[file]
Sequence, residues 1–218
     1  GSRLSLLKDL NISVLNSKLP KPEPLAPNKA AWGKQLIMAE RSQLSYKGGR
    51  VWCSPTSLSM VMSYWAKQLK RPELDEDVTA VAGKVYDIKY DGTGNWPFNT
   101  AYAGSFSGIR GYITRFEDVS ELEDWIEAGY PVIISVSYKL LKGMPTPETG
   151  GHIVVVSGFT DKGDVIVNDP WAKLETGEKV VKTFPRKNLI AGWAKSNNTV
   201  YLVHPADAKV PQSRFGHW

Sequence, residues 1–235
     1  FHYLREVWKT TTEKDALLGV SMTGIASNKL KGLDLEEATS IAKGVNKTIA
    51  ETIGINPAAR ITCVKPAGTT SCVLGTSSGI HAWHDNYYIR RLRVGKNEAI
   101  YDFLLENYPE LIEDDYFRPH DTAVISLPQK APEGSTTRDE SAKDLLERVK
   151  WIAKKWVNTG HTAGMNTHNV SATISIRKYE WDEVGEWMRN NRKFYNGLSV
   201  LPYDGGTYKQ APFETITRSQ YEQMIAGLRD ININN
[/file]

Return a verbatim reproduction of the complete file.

Sequence, residues 1–218
     1  GSRLSLLKDL NISVLNSKLP KPEPLAPNKA AWGKQLIMAE RSQLSYKGGR
    51  VWCSPTSLSM VMSYWAKQLK RPELDEDVTA VAGKVYDIKY DGTGNWPFNT
   101  AYAGSFSGIR GYITRFEDVS ELEDWIEAGY PVIISVSYKL LKGMPTPETG
   151  GHIVVVSGFT DKGDVIVNDP WAKLETGEKV VKTFPRKNLI AGWAKSNNTV
   201  YLVHPADAKV PQSRFGHW

Sequence, residues 1–235
     1  FHYLREVWKT TTEKDALLGV SMTGIASNKL KGLDLEEATS IAKGVNKTIA
    51  ETIGINPAAR ITCVKPAGTT SCVLGTSSGI HAWHDNYYIR RLRVGKNEAI
   101  YDFLLENYPE LIEDDYFRPH DTAVISLPQK APEGSTTRDE SAKDLLERVK
   151  WIAKKWVNTG HTAGMNTHNV SATISIRKYE WDEVGEWMRN NRKFYNGLSV
   201  LPYDGGTYKQ APFETITRSQ YEQMIAGLRD ININN